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The Parts of Medicare

Overview

Overview

Medicare is health insurance for people 65 and older. It also can cover some people under 65 with certain disabilities. And it covers people of any age with End-Stage Renal Disease (permanent kidney failure requiring dialysis or a kidney transplant) or ALS (Amyotrophic Lateral Sclerosis, also called Lou Gehrig's disease).

 

Your Medicare coverage choices may include:

 

  • Original Medicare (Parts A and B)
  • Medicare Advantage (Part C)
  • Medicare Prescription Drug coverage (Part D)

A Medicare Supplement Insurance Plan can be added to cover eligible health care costs that Original Medicare (Medicare Parts A and B) don’t cover. It cannot be combined with a Medicare Advantage plan

 

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GO TO:

Part A - Hospital coverage (Original Medicare)

Part A - Hospital coverage (Original Medicare)

Part A typically covers:

 

  • Inpatient care in a hospital
  • Inpatient care in a skilled nursing facility (not custodial or long-term care)
  • Hospice care
  • Home health care

Part B - Medical coverage (Original Medicare)

Part B - Medical coverage (Original Medicare)

Part B typically covers:

 

  • Medically necessary doctors' services
  • Outpatient care
  • Home health services
  • Durable medical equipment and other medical services
  • Many preventive services

Part C - Medicare Advantage

Part C - Medicare Advantage

Medicare Advantage plans are an option for your Medicare coverage. They include Medicare Part A, Part B and may include Part D prescription drug coverage.

 

In general, Medicare Advantage:

 

  • Includes all Part A and Part B benefits and services
  • Usually includes Medicare Prescription Drug Coverage (Part D) as part of the plan
  • Is run by Medicare-approved private insurance companies, like Allina Health | Aetna Medicare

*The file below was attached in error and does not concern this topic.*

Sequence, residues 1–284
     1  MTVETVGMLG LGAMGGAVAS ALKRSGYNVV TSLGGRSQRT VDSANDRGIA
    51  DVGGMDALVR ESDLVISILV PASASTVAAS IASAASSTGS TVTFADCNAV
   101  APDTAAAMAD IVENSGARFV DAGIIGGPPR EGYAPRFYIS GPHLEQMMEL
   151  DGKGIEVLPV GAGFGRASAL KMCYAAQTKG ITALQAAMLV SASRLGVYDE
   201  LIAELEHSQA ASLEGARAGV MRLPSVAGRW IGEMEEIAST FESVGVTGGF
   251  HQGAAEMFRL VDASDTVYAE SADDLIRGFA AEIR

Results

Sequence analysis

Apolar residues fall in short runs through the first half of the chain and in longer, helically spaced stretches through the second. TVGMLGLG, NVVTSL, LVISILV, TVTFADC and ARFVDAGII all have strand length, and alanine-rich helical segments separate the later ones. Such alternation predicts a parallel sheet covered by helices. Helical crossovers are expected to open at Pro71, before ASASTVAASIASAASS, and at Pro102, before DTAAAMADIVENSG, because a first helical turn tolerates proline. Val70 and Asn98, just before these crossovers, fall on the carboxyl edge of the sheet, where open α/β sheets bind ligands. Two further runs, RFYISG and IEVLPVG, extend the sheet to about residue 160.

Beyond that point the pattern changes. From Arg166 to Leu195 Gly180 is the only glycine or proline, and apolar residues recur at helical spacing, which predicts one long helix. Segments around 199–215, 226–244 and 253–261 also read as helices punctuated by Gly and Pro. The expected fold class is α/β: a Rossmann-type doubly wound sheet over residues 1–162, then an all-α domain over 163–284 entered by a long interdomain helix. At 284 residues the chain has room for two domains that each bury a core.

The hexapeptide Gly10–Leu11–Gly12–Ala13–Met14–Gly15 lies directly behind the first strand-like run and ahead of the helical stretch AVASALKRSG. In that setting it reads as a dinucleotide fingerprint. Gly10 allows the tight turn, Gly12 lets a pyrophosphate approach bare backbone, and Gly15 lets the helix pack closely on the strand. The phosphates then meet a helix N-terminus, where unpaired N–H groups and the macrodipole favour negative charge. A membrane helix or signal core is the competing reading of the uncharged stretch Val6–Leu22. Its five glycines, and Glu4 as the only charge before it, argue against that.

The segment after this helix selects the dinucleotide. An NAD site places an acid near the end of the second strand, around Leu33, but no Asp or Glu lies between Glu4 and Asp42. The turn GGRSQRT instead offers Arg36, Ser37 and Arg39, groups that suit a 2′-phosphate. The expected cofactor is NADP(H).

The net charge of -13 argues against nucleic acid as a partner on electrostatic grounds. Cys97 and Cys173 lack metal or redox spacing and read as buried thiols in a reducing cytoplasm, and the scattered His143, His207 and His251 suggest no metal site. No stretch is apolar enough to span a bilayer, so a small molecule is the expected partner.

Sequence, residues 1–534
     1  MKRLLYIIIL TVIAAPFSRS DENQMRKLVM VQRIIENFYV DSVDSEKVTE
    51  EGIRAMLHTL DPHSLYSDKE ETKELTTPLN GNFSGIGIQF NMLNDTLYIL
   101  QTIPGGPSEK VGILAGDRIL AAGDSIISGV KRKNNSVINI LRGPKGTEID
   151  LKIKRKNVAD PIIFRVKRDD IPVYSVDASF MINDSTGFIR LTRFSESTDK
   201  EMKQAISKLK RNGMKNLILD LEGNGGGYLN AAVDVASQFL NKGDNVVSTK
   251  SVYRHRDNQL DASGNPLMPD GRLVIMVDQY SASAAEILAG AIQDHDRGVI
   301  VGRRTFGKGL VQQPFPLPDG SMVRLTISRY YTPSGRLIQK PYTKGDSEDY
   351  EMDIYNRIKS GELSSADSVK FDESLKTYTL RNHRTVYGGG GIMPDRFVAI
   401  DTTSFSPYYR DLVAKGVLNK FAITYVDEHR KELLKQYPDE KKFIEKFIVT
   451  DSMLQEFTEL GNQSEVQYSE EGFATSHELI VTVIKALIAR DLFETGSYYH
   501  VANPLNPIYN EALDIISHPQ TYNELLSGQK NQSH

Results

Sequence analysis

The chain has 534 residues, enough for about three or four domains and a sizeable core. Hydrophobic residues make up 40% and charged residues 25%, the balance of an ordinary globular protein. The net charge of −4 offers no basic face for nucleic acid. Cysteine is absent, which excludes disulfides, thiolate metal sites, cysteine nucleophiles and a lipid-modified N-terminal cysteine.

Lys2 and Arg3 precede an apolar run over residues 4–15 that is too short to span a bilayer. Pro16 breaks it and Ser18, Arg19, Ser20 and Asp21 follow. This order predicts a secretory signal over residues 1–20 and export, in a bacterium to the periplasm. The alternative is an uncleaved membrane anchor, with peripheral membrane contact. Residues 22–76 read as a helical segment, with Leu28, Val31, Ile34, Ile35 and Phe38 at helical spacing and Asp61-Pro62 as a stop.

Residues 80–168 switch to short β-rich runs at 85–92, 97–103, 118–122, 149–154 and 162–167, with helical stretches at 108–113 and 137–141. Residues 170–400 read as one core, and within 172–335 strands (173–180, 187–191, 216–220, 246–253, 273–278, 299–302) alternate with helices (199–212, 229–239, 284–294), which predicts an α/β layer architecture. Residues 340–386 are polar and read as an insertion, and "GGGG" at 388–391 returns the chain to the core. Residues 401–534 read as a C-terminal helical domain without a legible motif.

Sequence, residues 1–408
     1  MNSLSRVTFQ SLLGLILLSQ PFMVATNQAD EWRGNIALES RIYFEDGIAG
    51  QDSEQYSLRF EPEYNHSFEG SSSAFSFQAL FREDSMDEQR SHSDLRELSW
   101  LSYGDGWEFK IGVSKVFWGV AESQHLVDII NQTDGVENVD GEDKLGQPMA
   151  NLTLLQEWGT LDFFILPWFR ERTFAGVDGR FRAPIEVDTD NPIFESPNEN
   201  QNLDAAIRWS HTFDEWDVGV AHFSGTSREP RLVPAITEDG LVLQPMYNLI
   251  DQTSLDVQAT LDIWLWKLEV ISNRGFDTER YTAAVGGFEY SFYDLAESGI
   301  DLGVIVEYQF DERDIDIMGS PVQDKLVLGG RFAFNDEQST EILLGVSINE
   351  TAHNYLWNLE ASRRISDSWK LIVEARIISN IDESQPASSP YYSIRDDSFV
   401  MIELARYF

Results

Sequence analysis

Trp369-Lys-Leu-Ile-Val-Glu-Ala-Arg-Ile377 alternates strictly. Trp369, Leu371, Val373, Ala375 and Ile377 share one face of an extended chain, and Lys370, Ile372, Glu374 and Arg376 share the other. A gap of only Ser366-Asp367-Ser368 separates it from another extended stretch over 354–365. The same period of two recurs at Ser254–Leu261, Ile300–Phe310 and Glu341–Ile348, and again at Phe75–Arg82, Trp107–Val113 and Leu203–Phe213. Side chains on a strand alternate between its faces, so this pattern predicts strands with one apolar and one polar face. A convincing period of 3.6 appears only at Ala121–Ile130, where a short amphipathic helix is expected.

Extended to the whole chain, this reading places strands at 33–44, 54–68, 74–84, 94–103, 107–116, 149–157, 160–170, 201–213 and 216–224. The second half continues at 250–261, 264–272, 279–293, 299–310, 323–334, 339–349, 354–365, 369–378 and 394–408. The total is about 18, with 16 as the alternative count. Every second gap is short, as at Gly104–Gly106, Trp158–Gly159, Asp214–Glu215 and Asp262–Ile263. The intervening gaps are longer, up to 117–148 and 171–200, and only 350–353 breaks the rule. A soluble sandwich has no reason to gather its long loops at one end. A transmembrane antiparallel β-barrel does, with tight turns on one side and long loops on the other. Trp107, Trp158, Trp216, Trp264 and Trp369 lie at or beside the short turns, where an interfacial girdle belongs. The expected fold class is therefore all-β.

• May include extra benefits and services not covered by Original Medicare

Plan options

 

The most common types of Medicare plans are:

 

  • Health maintenance organization (HMO) plans – Provide coverage through a network of doctors and hospitals. Typically, you must use network providers unless it’s an emergency. If you don’t, your care may not be covered.
  • Preferred provider organization (PPO) plans Provide coverage through a network of doctors and hospitals. In a PPO plan, you can see a doctor in or out of network. Typically, it costs more to get care out of network.
  • HMO point-of-service (HMO POS) plans – Provides coverage through a network of doctors and hospitals. You may be able to see a doctor out of the network for some services. The POS option provides more choice and flexibility. But some services aren't available outside the network of contracted providers.
  • Special needs plans (SNP) –A special type of Medicare Advantage Plan that provides more focused health care for specific groups of people, such as those who have both Medicare and Medicaid.

There may be other types of Medicare Plans available.

Part D - Prescription Drug coverage

Part D - Prescription Drug coverage

Part D coverage is available on its own in a Prescription Drug Plan (PDP) or as part of many Medicare Advantage plans. PDPs work with:

 

  • Original Medicare (Parts A and/or B)
  • Medicare Supplement Plans (Medigap)
  • Some private fee-for-service plans (PFFS)
  • Medicare medical savings account plans (MSA)
  • Some Medicare cost plans

Drug Coverage Phases

 

Medicare has four drug coverage phases:

 

  1. Annual deductible – This is the first phase of a Part D coverage. Your deductible is the amount you must pay before Medicare or the plan begins to pay. This amount can change each year. If your plan doesn't have a deductible, then the initial coverage phase starts at once.
  2. Initial coverage – You pay a copay (set dollar amount) or coinsurance (percentage of the cost). Your plan covers the rest. This amount can change each year.
  3. Coverage gap – After you and the plan have spent enough to reach the initial coverage limit, you enter the coverage gap or “donut hole.” You may be responsible for paying a larger portion of your drug costs, depending upon the plan.

     

    Medicare plans that include prescription drug coverage often offer different levels of coverage during the gap. Once you spend enough to get out of the coverage gap, you automatically get catastrophic coverage.
  4. Catastrophic coverage – You pay $0 for all covered Part D prescription drugs during this phase. This lasts until the end of the plan year.
 

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